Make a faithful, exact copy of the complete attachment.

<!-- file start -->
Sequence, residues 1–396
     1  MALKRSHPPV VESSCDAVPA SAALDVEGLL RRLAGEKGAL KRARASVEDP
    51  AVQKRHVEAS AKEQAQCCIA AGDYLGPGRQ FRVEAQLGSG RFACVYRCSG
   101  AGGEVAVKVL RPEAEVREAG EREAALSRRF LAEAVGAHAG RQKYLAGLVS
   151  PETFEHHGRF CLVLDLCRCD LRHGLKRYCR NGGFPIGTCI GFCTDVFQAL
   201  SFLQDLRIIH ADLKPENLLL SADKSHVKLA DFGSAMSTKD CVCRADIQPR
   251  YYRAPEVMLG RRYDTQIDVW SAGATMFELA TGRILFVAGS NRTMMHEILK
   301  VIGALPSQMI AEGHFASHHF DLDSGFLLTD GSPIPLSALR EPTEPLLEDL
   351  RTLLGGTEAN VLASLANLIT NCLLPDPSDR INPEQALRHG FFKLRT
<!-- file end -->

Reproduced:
Sequence, residues 1–396
     1  MALKRSHPPV VESSCDAVPA SAALDVEGLL RRLAGEKGAL KRARASVEDP
    51  AVQKRHVEAS AKEQAQCCIA AGDYLGPGRQ FRVEAQLGSG RFACVYRCSG
   101  AGGEVAVKVL RPEAEVREAG EREAALSRRF LAEAVGAHAG RQKYLAGLVS
   151  PETFEHHGRF CLVLDLCRCD LRHGLKRYCR NGGFPIGTCI GFCTDVFQAL
   201  SFLQDLRIIH ADLKPENLLL SADKSHVKLA DFGSAMSTKD CVCRADIQPR
   251  YYRAPEVMLG RRYDTQIDVW SAGATMFELA TGRILFVAGS NRTMMHEILK
   301  VIGALPSQMI AEGHFASHHF DLDSGFLLTD GSPIPLSALR EPTEPLLEDL
   351  RTLLGGTEAN VLASLANLIT NCLLPDPSDR INPEQALRHG FFKLRT